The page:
Wednesday, July 14, 2010

Speed-hemming lining

 At the risk of exposing you to probably the most boring photographs ever, I'm going to show my method for cutting and hemming a lot of lining at once.

I figure out all the cuts for all the drapery jobs I have coming up in the near future, then begin cutting, laying the bottom at the -6" line and cutting with 4" over the FL at the top.
Here you can see all the widths I've cut out- I think it was 20 altogether.

I lay the straightedge at "0" and press the hem up, then move it up to "3" and press again, creating a double 3" hem.  I put in 2 pins.

Then fold it up maybe 15" to get it out of the way.
Then I keep doing this with all the widths in the pile.

Fold 'em all back down again, and start pinning right sides together at the hem foldline, and take to the serger.  I do this for all the widths of a particular job, then take them all to the machine to hem with a topstitch.

If there are half widths, when I get to a panel to be split, I fold it in half lengthwise and finger press, then slice it with nice sharp scissors, then proceed with pinning and serging.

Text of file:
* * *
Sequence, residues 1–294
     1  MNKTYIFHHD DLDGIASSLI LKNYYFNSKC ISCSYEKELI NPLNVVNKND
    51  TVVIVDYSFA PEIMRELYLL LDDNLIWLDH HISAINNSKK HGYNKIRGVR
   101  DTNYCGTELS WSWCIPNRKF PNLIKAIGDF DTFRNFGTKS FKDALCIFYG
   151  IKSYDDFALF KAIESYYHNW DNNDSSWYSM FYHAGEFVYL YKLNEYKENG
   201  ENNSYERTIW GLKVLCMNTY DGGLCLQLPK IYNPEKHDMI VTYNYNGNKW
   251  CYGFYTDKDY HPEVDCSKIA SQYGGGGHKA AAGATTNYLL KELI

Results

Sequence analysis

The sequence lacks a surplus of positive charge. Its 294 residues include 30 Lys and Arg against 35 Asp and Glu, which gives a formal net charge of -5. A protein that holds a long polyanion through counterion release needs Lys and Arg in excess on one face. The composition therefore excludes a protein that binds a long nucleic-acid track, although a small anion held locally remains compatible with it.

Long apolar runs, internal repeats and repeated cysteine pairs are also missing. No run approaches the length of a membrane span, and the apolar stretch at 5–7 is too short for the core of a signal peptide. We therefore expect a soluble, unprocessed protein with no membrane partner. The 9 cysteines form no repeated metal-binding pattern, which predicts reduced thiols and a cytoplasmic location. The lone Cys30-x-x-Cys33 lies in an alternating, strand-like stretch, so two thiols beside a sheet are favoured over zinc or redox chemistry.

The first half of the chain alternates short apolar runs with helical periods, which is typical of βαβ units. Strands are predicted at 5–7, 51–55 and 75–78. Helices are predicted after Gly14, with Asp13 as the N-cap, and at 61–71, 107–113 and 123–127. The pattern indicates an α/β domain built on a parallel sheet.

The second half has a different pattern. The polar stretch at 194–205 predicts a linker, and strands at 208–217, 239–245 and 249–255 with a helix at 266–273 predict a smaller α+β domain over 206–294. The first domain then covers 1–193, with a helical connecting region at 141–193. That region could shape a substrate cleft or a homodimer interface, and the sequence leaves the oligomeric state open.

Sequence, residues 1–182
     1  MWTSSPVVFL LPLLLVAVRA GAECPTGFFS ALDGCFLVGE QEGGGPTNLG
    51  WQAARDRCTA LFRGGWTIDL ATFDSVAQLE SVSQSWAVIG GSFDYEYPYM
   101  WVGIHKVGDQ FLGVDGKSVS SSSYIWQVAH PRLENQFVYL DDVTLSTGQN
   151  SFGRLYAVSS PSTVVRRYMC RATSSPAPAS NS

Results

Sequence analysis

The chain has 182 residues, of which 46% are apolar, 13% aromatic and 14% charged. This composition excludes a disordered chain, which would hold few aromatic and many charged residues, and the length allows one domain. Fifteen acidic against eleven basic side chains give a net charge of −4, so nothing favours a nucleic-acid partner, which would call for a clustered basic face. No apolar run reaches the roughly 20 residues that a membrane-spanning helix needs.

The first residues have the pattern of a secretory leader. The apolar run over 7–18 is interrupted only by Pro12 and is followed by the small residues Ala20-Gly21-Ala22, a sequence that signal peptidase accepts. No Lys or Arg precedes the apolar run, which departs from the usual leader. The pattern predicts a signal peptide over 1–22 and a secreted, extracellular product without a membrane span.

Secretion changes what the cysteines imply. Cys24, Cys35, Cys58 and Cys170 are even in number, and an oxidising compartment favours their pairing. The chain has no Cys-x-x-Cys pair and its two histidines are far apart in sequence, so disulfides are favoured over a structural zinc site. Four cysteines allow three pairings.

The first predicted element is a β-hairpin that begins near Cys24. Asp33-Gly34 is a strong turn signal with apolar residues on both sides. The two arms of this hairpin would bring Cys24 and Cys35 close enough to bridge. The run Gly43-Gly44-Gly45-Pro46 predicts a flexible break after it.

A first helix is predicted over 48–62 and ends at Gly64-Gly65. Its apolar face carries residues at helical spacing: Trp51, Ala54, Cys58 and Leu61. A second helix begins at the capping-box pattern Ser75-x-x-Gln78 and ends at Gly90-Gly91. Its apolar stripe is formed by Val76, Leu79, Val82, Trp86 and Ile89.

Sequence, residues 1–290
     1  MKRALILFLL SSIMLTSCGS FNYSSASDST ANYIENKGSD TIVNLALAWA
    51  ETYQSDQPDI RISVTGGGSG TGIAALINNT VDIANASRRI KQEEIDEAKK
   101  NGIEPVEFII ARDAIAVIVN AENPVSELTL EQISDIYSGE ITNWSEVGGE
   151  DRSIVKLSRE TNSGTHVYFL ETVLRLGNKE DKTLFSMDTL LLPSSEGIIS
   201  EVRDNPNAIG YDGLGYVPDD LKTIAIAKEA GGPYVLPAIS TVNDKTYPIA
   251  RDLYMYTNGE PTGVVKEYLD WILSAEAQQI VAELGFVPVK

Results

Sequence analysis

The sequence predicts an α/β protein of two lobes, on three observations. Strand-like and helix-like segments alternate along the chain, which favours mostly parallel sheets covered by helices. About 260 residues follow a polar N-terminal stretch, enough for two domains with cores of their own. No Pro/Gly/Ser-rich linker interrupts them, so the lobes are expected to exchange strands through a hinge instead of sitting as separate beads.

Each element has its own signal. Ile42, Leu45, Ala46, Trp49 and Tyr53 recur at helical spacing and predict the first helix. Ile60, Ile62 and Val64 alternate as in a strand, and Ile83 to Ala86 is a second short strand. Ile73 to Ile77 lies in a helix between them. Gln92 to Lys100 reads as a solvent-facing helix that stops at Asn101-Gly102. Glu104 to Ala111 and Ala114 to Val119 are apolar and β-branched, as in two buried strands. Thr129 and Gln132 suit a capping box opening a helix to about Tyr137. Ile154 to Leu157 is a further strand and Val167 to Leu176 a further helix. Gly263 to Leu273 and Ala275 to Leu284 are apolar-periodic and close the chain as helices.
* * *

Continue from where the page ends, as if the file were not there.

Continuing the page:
Even though the hem is already pressed in, you can still sew the hem without re-pressing: as you near the seam join, just "snap" it into place and keep sewing.
Later when the panels are being tabled I give the bottom hem another quick pressing to freshen up the bottom edge.

As all the lining widths from a single job are done, I either fold in quarters and lay on the other table, or lay over hangers and hang them til I'm ready for them.
Then I repeat the process for the interlining.

Now that all the linings and interlinings are prepped, I start with face fabrics, press up the hem and either take them home to hem them all while watching YANKEES baseball, or hem them one at a time as I table each panel.

I think I've just used up a lot of words on this subject, a lot more than I ever imagined possible..... 


  1. Brilliant!
    I am going to try this method in my workroom it looks like it should really speed things up.
    Thank you!

  2. Debra
    We have tried this method this morning in the workroom and it worked really well. The girls were really happy with the end result and the speed it took to do.
    A big thank you from the Denton Drapes workroom. :)

  3. oooh cool!
    You know this is not something I just made up, it's my own patched together version of techniques and tips I've learned from my workroom idols on the CHF forum and elsewhere- people like Susan Shurz and Ann Johnson and Merlyn and so many others- where I'd be without their internet generosity I have no idea!